Jennings Roadfreight Ltd (“Jennings”) was placed into liquidation on 24 March 2011. At liquidation it owed the IRD approximately $50,000 for PAYE.
At liquidation date Jennings held $14,076.38 in its bank account. After liquidation, pursuant to its seemingly infinite powers, the IRD caused Jennings’ bank to pay the funds to the IRD.
The liquidators of Jennings made an application to recover these funds.
In response to the application, the IRD submitted that in the event that the IRD is owed PAYE and the liquidated company has a credit balance in its bank account, then the IRD is entitled to receive the balance pursuant to the statutory trust created by s 167(1) of the Tax Administration Act 1994 (“the TAA”). The liquidators submitted that the statutory trust created by s 167(1) of the TAA is extinguished by the liquidation of a company.
The liquidators were successful at the High Court and Associate Judge Doogue held that the ‘trust’ ended at liquidation.
However, that decision was overruled by the majority of the Court of Appeal (Wild and White JJ), with Ellen France J dissenting.
The Court of Appeal decision was significant for the insolvency industry. The key take outs are:
- Under s 167(1) of the TAA, any credit in Jennings’ bank account at liquidation were held on trust from the IRD.
- As such, the bank account of Jennings does not form part of the estate in the liquidation.
The decision effected the order of priorities under Schedule 7 of the Companies Act 1993 (“the CA”) as the IRD effectively obtained a super priority as against all other creditors.
The issues for the Supreme Court
The Supreme Court (Elias CJ, McGrath, William Young, Glazebrook and Arnold JJ) were tasked with considering:
- The relationship between s 167(1) and (2) of the TAA; and
- The nature of the “trust” created by s 167(1).
Decision of the Supreme Court
On 7 November 2014 the Supreme Court released its decision in respect of this matter. The decision is also significant to the insolvency industry.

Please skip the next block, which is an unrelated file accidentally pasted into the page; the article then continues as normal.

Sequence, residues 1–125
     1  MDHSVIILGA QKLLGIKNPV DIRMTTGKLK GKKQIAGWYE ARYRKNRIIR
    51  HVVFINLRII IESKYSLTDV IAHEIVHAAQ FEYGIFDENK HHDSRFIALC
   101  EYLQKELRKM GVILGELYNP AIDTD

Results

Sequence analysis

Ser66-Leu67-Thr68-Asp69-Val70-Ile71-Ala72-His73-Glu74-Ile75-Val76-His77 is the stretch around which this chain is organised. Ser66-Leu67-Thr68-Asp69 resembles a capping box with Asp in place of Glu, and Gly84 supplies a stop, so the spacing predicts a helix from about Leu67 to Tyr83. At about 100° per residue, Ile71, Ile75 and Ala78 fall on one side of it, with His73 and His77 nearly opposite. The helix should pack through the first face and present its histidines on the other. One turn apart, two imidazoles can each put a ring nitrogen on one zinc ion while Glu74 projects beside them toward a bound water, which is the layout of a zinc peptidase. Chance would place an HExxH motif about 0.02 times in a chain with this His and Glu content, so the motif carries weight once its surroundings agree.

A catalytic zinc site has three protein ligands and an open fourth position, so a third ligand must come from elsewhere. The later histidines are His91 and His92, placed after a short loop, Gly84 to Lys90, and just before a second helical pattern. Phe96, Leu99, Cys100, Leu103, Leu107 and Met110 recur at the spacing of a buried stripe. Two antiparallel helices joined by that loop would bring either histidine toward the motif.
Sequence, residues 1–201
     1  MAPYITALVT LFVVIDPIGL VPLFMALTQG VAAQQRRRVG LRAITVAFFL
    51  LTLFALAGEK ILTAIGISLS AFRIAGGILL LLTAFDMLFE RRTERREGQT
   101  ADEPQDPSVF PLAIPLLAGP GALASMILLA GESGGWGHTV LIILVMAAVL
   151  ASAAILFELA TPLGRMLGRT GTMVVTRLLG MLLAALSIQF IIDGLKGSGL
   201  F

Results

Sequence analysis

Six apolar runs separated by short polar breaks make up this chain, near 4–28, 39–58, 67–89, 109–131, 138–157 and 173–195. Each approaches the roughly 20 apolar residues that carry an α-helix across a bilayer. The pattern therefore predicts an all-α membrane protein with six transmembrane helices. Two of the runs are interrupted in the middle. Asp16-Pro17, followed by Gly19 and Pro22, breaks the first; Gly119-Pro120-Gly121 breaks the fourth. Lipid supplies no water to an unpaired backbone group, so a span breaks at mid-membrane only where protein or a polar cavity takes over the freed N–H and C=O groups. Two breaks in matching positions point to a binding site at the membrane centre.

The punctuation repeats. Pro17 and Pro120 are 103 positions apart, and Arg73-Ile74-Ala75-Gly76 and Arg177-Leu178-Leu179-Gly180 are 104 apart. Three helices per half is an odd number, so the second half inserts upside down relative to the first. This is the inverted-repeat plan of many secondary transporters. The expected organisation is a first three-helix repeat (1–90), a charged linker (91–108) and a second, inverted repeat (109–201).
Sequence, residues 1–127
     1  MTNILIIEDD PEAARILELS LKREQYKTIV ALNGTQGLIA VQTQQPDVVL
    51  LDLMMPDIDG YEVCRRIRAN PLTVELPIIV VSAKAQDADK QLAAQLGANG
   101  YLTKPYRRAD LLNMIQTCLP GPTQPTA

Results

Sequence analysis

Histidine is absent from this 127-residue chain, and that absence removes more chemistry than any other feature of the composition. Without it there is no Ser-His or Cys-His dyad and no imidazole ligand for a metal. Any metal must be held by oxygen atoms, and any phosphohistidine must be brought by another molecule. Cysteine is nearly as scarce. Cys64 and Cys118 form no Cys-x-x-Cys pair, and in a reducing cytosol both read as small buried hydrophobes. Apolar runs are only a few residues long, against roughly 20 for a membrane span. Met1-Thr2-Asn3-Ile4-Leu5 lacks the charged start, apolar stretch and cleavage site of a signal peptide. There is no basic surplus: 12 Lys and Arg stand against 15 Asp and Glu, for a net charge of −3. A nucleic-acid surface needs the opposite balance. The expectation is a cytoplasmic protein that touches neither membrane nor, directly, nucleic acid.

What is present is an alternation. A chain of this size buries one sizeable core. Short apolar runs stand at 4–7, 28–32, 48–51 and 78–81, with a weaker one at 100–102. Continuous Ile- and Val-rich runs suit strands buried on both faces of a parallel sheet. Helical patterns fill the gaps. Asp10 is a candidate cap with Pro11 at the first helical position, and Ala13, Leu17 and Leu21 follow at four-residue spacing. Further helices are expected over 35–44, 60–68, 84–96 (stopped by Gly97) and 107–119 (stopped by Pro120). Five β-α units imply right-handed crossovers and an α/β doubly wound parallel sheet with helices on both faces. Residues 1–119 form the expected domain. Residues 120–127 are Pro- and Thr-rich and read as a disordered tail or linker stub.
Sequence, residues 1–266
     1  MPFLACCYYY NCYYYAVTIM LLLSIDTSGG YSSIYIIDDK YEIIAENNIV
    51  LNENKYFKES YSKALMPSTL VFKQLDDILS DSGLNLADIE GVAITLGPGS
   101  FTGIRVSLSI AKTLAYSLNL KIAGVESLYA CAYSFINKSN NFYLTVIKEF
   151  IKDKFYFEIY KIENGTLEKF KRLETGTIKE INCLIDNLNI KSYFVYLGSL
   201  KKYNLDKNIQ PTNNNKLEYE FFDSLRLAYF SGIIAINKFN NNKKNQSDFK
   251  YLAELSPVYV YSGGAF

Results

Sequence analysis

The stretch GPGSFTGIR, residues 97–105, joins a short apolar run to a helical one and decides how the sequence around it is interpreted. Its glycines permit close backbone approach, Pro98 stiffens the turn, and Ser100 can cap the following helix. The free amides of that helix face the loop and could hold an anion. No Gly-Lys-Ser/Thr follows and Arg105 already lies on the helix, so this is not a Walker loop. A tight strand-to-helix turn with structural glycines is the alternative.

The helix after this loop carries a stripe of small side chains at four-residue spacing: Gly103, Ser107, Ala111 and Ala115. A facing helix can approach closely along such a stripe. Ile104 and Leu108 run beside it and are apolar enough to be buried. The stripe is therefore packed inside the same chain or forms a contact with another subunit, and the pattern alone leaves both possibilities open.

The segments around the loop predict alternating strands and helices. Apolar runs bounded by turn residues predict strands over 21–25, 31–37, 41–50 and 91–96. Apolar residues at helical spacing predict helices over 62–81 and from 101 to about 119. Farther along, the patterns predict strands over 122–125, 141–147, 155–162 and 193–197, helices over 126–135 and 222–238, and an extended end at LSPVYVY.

The Supreme Court has held that the IRD’s interpretation of s 167(1) of the TAA would have the effect of allowing the IRD to ‘leapfrog’ ahead of other preferential creditors. The Supreme Court considered that this would be contrary to the scheme of the legislation.
The Supreme Court agreed with Ellen France J and Associate Judge Doogue and held:
 All the PAYE at issue in this case had been deducted but not paid to the Commissioner on its due date and it remained unpaid at the time of liquidation. The funds were not kept by Jennings in a separate account. This means that all of the PAYE that was unpaid at the time of liquidation in this case (including the credit balance in the bank account of $14,076.38) is dealt with under s 167(2) and is thus distributed in accordance with the priorities set out in sch 7 of the Companies Act.
In the writer’s opinion, the Supreme Court’s decision restores unison between the CA and the TAA. More importantly, certainty is achieved in a liquidation where the order of priorities is unambiguous and centralised in a single identifiable schedule.
On the basis of the Supreme Court’s decision, creditors of failed companies have certainty that assets of the liquidated company will be distributed in accordance with schedule 7 of the CA.
There is however a question left open as to whether the IRD is entitled to retain funds it has received prior to liquidation of a company. In particular, whether a liquidator could claw these back pursuant to the voidable transaction provisions.
This article was also published in the November 2014 edition of LawNews